Dweck has found that people with “growth mindsets” are more resilient and tend to push through struggles because they believe that hard work is part of the process and they do not believe that failure is a permanent condition.

In a growth mindset, students understand that their talents and abilities can be developed through effort, good teaching, and persistence. The opposite of a growth mindset is a fixed mindset. Children with a fixed mindset believe they have a certain amount of brains and talent and nothing can change that.

A growth mindset is shaped by adults through language and behaviour that we model for kids. In order to encourage a growth mindset, be mindful of your own thinking and the messages you send to your children with your words and actions. When parents talk positively about making mistakes, kids start to think of mistakes as a natural part of the learning process.

. Do not raise entitled children: We all want to raise children to adults who are independent, confident, successful, are team players, God-fearing, spiritually sound, wise, healthy, have a sound mind. No one will ever consciously say they want to raise an entitled child, but in reality, if you look around or are not careful, we might be raising more of these types of children.

An entitled person is someone who thinks they are owed something in life without working for it. They feel they should get what they want when they want it. They tend to have a bad attitude that goes with being entitled, or they struggle when they don’t get what they want.

. Stop controlling and start coaching: Coaches help children develop skills, but children are the ones who play the game. Your job as a parent is to support your child so (s)he can flourish and develop. Doing things FOR your child robs them of the opportunity to become competent. However, doing things WITH them teaches and builds confidence.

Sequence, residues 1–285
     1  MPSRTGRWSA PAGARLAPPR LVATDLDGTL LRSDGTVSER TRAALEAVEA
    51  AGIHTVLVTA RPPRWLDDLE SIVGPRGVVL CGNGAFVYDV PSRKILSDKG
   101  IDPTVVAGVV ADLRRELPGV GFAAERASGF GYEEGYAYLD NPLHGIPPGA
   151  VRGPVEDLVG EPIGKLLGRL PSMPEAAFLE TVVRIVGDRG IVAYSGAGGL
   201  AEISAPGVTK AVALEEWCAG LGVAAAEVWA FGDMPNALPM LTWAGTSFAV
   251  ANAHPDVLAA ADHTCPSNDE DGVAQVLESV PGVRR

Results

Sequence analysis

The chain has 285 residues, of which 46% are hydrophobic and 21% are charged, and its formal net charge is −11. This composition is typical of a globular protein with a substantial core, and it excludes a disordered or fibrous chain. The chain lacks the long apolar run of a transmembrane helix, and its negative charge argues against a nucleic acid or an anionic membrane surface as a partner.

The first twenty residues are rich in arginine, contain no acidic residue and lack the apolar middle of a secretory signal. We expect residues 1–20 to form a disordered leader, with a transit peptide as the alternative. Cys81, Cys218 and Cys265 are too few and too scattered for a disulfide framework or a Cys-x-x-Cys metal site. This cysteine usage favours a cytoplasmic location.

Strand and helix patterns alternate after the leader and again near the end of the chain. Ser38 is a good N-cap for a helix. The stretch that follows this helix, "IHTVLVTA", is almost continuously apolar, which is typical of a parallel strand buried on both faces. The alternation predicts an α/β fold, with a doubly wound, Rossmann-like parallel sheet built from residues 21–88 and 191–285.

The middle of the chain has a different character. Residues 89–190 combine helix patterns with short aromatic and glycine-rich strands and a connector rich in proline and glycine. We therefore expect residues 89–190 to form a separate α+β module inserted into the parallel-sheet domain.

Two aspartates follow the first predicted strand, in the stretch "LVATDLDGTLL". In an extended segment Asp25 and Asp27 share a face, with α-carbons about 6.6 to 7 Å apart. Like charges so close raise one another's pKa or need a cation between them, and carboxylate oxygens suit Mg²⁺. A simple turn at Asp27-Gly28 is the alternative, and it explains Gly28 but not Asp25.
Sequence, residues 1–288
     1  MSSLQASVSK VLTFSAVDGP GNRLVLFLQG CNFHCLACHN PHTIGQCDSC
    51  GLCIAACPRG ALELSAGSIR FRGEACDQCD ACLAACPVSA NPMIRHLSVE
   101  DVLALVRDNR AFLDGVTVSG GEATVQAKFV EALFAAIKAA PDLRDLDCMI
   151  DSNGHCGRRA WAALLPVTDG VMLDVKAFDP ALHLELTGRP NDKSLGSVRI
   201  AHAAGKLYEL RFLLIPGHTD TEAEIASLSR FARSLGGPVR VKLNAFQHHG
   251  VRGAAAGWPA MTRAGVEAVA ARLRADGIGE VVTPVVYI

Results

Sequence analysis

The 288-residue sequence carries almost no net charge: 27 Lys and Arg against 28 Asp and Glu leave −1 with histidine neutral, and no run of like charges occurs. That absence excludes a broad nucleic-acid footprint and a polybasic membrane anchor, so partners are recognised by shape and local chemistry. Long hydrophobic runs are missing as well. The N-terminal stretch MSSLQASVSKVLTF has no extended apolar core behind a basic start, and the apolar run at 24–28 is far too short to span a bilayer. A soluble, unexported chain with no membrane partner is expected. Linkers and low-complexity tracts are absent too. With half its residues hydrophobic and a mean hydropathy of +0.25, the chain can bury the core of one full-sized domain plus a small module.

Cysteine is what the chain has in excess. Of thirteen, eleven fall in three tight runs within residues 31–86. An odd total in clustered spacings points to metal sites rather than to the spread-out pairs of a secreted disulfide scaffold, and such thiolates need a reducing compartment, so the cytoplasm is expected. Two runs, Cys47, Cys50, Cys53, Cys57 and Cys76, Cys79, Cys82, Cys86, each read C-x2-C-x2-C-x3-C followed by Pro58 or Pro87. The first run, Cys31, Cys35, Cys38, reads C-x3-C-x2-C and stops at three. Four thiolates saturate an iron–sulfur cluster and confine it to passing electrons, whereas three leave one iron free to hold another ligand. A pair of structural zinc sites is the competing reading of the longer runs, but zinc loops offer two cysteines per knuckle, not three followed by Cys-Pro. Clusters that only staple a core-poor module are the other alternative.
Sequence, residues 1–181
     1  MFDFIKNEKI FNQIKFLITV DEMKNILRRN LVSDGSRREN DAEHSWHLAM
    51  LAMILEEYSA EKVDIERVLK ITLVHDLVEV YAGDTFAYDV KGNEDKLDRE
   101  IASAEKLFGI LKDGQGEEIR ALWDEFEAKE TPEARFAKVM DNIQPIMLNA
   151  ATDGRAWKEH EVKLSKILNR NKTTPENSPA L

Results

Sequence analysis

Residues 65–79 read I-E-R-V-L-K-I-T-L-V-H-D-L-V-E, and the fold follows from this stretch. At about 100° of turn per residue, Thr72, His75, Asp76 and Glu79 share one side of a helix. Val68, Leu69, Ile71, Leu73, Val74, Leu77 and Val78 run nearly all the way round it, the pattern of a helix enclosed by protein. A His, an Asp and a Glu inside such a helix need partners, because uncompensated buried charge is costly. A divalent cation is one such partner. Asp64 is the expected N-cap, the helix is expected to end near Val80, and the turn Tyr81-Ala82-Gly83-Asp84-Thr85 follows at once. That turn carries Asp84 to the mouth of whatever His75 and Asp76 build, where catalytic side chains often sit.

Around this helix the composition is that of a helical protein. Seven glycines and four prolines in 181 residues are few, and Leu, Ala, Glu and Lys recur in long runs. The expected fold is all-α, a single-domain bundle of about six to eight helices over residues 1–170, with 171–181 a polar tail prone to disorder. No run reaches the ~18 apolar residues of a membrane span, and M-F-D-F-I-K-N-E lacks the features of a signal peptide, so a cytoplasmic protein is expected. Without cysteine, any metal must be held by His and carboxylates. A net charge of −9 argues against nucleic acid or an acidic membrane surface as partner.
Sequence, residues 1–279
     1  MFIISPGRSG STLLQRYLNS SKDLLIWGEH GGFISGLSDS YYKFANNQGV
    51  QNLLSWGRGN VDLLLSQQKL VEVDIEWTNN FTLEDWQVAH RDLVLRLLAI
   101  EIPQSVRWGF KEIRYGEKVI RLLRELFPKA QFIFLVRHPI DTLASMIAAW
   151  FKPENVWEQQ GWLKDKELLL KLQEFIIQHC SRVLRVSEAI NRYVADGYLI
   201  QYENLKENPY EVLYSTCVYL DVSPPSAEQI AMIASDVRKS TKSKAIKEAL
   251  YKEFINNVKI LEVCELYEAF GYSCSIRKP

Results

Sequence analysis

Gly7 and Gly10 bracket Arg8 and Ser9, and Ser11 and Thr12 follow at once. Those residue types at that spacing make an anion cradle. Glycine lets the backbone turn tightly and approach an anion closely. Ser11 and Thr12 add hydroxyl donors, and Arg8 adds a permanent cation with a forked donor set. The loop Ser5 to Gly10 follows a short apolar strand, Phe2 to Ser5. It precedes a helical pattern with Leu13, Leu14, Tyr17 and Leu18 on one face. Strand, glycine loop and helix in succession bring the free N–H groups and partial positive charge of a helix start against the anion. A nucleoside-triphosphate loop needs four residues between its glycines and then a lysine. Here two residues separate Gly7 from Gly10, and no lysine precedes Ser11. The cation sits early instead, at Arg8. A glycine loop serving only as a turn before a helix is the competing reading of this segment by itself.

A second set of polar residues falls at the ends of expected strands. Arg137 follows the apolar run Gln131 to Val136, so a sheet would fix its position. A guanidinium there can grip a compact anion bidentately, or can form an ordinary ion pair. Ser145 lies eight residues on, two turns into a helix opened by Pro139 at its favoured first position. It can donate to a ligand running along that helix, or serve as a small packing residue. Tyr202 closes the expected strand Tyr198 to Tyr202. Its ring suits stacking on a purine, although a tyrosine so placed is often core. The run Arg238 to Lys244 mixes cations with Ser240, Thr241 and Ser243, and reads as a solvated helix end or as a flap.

. Encourage your child and teach self-encouragement: All humans need encouragement. When we encourage children, it helps them feel positive and motivated and it gives them an inner voice that will serve as a source of encouragement for life.

Give your child things to repeat as mantras when the going gets tough. “Practice makes progress!” and “If you don’t succeed, try, try again!” and, “I think I can, I think I can!” When they do not get something right the first time, they need an automatic internal comforting voice to encourage and motivate them. Otherwise, the harsh criticizing voice steps in, triggered by the disappointment.

. Praise their progress, but do not overdo the praise: Children who get praised for their efforts-“You worked really hard at that!”-are more likely to believe that their accomplishments are due to deliberate practice. This is part of the grit required which can eventually lead them to seek challenges.

This brings to mind the idea that children should be given a trophy simply for participating and not winning. There is danger in giving the message that praise for effort is like a consolation prize. When the child succeeds and does something that is praiseworthy, reinforce the message that what got them there was their hard work.

. Do not be afraid of your child’s feelings: When children encounter frustration, remember that your empathy will be a critical factor in them to overcome it. Instead of automatically jumping in to remove the source of the frustration, give it a larger context by communicating your compassion that he has to encounter this circumstance i.e “I’m sorry this is so hard…”

It is okay for children to get frustrated and to be disappointed. Children may cry and sulk all day, but your unconditional understanding will help them. Once the child is done grieving, he/she will want to try again, especially when you express your confidence. That is how children develop resilience aka grit.

. Teach your child that failure is not the end: While it is tough to let your kids fail, failure is key in building grit and grit is often the key to success-you have to fall down to get back up. Giving your child a chance to fail and bounce back is one of the greatest gifts you can give as a parent.

Allow your kids to struggle and feel discomfort. Do not do everything for them. Allow them to go through the emotions of disappointment and confusion, and help them figure out the next steps to make the situation better and more productive. It is within this learning process that they will develop perseverance, resiliency, and true grit, which will lead them in the direction of success for their future.

What other tips do you have? Share with us.